A look at lemons

Lemons are pretty high in vitamin C but their use is mostly limited to a squeeze over fish or into a cup of tea. There’s so much more to lemons though so let’s take a look.

The origin of lemons is a bit unclear, seemingly to be either China or India, but in time they were cultivated across Europe, then the Americas, then the rest of the world. Dr Lind first discovered that citrus prevents scurvy and over the years since then, people have realised just what lemons can do for you.

Lemon juice reportedly has the following benefits:

  • The antioxidants prevent cell damage and so may reduce the risk of cancer
  • This same antioxidant activity may help promote a healthier skin
  • The vitamin C content aids absorption of iron from other foods, such as meat and spinach
  • The vitamin C content can help boost your immune system


Those are all good reasons to start using lemons in your kitchen. Here’s how:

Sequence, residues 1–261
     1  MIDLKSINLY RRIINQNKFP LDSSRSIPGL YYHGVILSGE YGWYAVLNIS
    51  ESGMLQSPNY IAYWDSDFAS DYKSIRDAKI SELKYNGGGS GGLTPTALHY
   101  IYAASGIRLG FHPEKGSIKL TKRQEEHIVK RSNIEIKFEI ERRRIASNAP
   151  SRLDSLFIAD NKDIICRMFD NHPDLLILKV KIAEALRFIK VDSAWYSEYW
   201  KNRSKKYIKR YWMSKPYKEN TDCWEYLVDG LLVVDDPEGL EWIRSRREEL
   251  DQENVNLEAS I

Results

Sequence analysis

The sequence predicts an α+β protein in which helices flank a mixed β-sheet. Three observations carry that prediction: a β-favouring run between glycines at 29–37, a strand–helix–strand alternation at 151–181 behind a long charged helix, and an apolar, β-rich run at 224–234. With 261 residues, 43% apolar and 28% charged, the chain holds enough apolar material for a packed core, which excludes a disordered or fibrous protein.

• To prevent browning, add some to fruit salad if there are bananas and pears in it, to cooked and pealed potatoes and sweet potatoes, to grated carrots and apples, and to sliced or mashed avos.
  • Use it when cooking chicken instead of using oil. The chicken will cook quickly, get a lovely light brown tinge, and won’t get tough.
  • Use it in a marinade to tenderise meat and poultry. Use it by itself with some pepper, or add some lemon juice to stock or yoghurt.
  • Lemon juice adds a wonderful flavour when sprinkled over green salads and you can use it instead of salad dressing and mayonnaise.
  • Add a bit of lemon juice and lemon zest to fresh, summer pasta salads

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